• 2 tablespoons sugar (40g)
  • 1/2 teaspoon salt (4g)
  • 9 tablespoons unsalted butter, melted* (4.5 ounces, 124g, 1 stick plus 1 tablespoon)
  • Zest of one medium or large navel orange*


  • 3/4 cup sugar (5.30 ounces, 150g)
  • 2 tablespoons all-purpose flour (18g)
  • 4 eggs plus 2 egg yolks*
  • Zest of one navel orange*
  • One blood orange
  • 1/2 cup freeze-dried strawberries* (see note)
  • 1/4 teaspoon salt
  • Optional: powdered sugar, orange slices and orange zest for garnish


  1. Preheat the oven to 350ºF. Adjust the oven rack to the middle (or lower middle) position.
  2. If you are making bars, line an 8-inch square baking pan with parchment paper and set aside.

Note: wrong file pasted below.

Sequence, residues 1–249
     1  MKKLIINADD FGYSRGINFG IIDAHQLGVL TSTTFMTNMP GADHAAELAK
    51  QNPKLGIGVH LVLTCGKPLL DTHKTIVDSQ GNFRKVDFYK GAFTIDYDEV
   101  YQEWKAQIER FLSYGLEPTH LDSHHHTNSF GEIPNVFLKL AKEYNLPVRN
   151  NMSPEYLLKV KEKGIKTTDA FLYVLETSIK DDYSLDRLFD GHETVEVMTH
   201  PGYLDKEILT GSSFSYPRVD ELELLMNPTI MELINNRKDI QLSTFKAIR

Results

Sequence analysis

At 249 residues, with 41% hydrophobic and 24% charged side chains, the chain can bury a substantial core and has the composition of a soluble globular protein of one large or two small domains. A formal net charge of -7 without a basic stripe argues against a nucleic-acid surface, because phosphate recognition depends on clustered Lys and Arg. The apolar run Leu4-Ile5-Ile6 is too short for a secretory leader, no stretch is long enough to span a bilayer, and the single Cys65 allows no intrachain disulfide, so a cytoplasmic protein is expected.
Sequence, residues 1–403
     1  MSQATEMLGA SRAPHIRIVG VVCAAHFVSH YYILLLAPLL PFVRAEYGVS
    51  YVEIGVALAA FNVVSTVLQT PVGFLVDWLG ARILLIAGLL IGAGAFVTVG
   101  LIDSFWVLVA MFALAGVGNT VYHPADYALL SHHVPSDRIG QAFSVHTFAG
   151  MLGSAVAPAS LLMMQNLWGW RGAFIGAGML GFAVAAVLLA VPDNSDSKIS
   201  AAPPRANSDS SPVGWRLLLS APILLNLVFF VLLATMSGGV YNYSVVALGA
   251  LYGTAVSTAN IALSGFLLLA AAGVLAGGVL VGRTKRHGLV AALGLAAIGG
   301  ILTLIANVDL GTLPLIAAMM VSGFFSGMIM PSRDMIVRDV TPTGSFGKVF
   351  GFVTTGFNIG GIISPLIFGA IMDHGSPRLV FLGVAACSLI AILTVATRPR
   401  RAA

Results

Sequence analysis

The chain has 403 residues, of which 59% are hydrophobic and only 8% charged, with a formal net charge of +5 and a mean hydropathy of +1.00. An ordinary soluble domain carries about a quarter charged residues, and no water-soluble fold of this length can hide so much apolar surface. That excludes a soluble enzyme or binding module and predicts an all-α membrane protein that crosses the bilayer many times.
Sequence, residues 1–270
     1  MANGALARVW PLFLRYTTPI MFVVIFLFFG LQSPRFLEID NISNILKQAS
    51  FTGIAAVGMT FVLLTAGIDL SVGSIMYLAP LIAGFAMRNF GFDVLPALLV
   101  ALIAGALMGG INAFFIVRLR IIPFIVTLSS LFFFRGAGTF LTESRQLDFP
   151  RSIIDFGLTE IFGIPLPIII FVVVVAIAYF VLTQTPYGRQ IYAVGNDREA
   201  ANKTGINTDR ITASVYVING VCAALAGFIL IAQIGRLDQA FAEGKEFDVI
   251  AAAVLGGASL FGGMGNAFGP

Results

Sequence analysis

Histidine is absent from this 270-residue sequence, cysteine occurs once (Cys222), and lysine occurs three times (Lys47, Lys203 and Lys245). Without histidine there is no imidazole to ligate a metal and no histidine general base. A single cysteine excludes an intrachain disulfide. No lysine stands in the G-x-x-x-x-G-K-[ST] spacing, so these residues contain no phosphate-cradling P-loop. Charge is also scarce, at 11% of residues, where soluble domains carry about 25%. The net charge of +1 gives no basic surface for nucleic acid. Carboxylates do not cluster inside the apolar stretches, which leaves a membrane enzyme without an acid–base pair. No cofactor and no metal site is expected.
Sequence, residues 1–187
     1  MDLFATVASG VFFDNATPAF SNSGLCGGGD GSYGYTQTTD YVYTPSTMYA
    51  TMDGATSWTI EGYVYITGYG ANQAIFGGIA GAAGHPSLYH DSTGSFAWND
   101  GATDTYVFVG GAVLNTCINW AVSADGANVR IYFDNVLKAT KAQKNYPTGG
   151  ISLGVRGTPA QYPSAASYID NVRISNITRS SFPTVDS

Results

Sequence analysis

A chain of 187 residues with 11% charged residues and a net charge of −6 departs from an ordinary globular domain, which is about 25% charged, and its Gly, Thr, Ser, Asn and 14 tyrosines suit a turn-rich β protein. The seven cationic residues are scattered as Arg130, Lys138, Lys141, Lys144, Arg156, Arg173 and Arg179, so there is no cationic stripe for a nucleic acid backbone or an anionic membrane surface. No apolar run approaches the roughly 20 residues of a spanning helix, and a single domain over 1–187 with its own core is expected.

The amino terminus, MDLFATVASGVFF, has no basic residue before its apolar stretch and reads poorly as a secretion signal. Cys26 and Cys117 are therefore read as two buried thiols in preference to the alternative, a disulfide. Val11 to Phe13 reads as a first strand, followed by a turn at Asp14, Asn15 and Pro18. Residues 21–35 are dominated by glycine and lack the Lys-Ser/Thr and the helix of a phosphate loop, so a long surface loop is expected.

3. If you are making a tart, lightly spray a tart pan with oil spray or lightly grease with oil.


  1. Combine all the crust ingredients in a medium bowl and mix with a spatula or your hands until well combined.
  2. Place the dough into your prepared pan and press evenly onto the bottom and up the sides (see note).
  3. Bake until golden, about 20 minutes.


  1. Prepare the blood orange by peeling it, removing the white pith, and taking out all the seeds.
  2. In a blender, place all the ingredients and blend until silky-smooth. Scrape down the sides and blend again. Repeat as needed.
  3. Place the mixture in a medium saucepan. Over medium heat, stir the mixture continuously until it starts bubbling and thickening, about 8 minutes.
  4. Remove from the heat and pour the mixture back into the blender and blend again until very smooth. Scrape down the sides periodically.